All variables in PHP start with a $ (dollar) sign followed by the name of the variable.A valid variable name starts with a letter (A-Z, a-z) or underscore (_), followed by any number of letters, numbers, or underscores.
If a variable name is more than one word, it can be separated with an underscore (for example $employee_code instead of $employeecode).'$' is a special variable that can not be assigned.
A variable can have a short name (like x and y) or a more descriptive name (age, carname, total_volume).
PHP variables Rules:
In a language such as C, C++, and Java the programmer must declare the name and type of the variable before use it. In PHP the type of the variable does not need to be declared before use it because types are associated with values rather than variables. As a result, a variable can change the type of its value as much as we want.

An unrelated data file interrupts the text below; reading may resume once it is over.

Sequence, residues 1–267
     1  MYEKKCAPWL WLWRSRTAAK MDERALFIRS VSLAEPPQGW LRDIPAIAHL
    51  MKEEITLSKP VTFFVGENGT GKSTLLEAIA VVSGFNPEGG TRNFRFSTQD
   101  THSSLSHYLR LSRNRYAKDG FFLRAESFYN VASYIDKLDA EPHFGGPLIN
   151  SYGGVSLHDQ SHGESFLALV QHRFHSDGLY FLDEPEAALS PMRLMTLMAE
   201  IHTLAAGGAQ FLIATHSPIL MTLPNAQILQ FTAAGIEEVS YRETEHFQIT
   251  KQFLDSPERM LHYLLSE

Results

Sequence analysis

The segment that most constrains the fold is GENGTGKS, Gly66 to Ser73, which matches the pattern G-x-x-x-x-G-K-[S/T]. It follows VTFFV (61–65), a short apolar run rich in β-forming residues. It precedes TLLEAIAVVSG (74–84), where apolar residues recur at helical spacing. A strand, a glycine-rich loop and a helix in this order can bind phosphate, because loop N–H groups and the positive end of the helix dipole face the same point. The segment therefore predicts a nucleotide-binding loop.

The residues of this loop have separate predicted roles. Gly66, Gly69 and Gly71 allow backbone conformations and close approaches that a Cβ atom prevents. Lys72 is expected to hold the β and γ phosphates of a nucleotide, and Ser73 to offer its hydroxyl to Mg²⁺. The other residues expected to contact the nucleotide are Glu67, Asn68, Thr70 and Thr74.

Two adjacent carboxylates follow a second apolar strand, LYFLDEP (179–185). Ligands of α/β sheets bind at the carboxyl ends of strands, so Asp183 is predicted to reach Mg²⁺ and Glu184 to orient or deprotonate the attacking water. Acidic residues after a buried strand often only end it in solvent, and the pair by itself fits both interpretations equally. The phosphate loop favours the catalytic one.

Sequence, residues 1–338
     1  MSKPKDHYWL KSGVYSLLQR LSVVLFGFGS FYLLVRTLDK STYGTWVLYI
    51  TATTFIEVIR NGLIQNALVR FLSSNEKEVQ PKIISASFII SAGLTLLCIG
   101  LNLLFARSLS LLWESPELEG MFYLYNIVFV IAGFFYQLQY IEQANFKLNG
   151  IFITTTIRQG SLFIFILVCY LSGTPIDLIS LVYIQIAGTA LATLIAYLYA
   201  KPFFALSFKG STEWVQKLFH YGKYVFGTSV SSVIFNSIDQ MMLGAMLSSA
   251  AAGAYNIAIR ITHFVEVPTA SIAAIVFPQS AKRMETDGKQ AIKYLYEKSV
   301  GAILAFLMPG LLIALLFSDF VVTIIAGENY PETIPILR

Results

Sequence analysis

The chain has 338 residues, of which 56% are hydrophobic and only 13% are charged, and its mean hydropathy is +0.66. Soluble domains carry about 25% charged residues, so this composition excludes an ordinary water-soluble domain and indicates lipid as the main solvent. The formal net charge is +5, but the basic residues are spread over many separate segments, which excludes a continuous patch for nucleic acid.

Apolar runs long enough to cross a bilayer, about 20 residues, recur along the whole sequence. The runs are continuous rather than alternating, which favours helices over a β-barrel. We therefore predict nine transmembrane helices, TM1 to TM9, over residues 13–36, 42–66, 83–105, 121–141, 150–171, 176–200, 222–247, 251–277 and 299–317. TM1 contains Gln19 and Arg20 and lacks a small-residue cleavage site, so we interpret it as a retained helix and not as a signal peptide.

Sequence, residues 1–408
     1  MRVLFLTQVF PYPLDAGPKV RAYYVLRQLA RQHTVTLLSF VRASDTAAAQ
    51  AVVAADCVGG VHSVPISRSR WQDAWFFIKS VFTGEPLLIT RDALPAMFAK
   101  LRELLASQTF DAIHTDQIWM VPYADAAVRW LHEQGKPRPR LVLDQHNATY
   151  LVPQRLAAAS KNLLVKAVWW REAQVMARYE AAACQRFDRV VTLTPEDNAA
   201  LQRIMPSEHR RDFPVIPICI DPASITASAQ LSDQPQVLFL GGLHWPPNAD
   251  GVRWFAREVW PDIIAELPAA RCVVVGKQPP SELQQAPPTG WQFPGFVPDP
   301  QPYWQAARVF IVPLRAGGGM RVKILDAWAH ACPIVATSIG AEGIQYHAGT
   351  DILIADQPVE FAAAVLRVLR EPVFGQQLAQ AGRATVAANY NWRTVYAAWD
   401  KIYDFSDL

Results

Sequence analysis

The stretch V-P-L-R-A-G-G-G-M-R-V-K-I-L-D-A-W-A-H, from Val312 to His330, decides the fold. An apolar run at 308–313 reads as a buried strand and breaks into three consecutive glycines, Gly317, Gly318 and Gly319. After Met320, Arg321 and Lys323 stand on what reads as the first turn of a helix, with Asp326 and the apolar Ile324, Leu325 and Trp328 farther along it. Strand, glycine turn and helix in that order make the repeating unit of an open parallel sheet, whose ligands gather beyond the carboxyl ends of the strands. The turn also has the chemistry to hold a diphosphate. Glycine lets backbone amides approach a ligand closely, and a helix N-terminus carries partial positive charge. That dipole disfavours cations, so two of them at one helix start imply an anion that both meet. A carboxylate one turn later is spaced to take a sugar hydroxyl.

As previously mentioned you don't need to declare variables or their type before using them in PHP. In the following example, none of the variables are declared before they are used, the fact is $height is floating number and $width is an integer.
In PHP, variables can be declared anywhere in the script.The scope of a variable is the part of the script where the variable can be referenced/used.
PHP three different variable scopes:
We have already learned variables declared outside a function are global. They can be accessed anywhere in the program except within a function.
To use these variables inside a function the variables must be declared global in that function. To do this we use the global keyword before the variables.
PHP also stores all global variables in an array called $GLOBALS[index]. The index holds the name of the variable. This array is also accessible from within functions and can be used to update global variables directly.